Q:

Should I contact an attorney?

A:

Even if you are involved in a minor collision, it is important that you contact an attorney in order to get a competent legal opinion on your rights and responsibilities. In point of fact, an attorney may not be needed to handle your claim if it is small and uncomplicated. However, an experienced attorney will be able to tell you during your free initial consultation whether it is necessary to retain his or her services. Be aware that your legal rights can be adversely affected and that it is in your best interest to discuss the entire matter with an attorney. An experienced attorney will be able to evaluate your case, discuss medical treatment, assist you with any problems that you are having with the repairs to your vehicle, and ensure that you receive a fair and full settlement with the insurance company that takes into account the problems, pain, and suffering that you have endured as a result of the other party’s actions or inactions.
The other option is that you can attempt to resolve your claim by dealing with the insurance company’s claims adjuster. Be aware that the claims adjuster is highly trained and experienced in representing his or her company’s interest. The adjuster gets paid and promoted for keeping his company’s costs down. At Cada Law we aggressively represent your interests.

Q:

How much will this cost me?

A:

Our office accepts personal injury cases on an contingency fee basis. With a contingency fee agreement you agree to pay a percentage of the amount your attorney obtains for you in exchange for his or her legal representation. The fee is paid from the proceeds of the settlement or judgment the attorney obtains for you so that you are not paying any money out-of-pocket for your attorney’s fees. If there is no recovery, there is no fee.

Q:

Is it better to sue or to take the insurance company’s settlement offer?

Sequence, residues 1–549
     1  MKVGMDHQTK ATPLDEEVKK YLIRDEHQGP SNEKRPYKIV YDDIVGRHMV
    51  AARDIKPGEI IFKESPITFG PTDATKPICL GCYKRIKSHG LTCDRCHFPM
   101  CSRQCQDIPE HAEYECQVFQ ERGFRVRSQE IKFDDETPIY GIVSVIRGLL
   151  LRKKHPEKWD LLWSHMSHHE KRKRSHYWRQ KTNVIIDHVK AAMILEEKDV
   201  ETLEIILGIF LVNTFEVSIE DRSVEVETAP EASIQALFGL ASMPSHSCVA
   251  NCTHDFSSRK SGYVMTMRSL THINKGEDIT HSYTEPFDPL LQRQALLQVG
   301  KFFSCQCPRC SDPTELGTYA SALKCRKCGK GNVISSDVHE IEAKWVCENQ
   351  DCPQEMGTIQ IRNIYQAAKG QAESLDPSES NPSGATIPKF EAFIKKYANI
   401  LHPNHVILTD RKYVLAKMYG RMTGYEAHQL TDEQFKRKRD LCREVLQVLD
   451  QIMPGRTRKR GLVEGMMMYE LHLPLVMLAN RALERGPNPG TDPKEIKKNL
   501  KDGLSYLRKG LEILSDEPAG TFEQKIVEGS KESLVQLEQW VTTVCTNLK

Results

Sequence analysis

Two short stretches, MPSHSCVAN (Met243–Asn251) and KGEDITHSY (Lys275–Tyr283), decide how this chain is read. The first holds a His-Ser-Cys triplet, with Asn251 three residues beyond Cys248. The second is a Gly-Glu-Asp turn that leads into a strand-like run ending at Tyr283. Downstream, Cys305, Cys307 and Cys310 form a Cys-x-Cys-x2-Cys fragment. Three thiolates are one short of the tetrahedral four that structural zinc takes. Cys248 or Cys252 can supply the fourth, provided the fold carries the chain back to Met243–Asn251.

A:

Sometimes a lawsuit is the only option when the insurance company offers an unfair settlement amount. At this point, it becomes necessary to sue to protect your rights to full and fair compensation. An experienced trial attorney will be able to assist you in the valuation of your claim and will advise you whether the insurance company’s offer is inadequate. Remember: it is your claim and ultimately you will be able to make the final decision of whether to settle or go to trial. An experienced trial attorney will be able to assist you in this decision by giving you the facts you need to make an informed choice.

Q:

How much can I expect to get for my car?

A:

You should expect to receive the amount of money necessary to either repair or replace your car depending upon the damages sustained. At times the amount of money necessary to repair your vehicle will exceed its value. In this case, the insurance company may decide to declare the car a total loss. If this is the case, you should receive the amount the car was worth prior to the collision, based on industry pricing guides.

Q:

What can I expect to receive for my injuries?

A:

You are entitled to be fully compensated for the injuries that you received. The amount you receive can include, but not necessarily is limited to, payment for your medical bills, lost wages, rehabilitation costs, transportation expenses, pain and suffering, loss of future earnings, loss of future enjoyment of life, loss of consortium, and emotional distress.

Q:

How do I know how much I should receive for my claim?

A: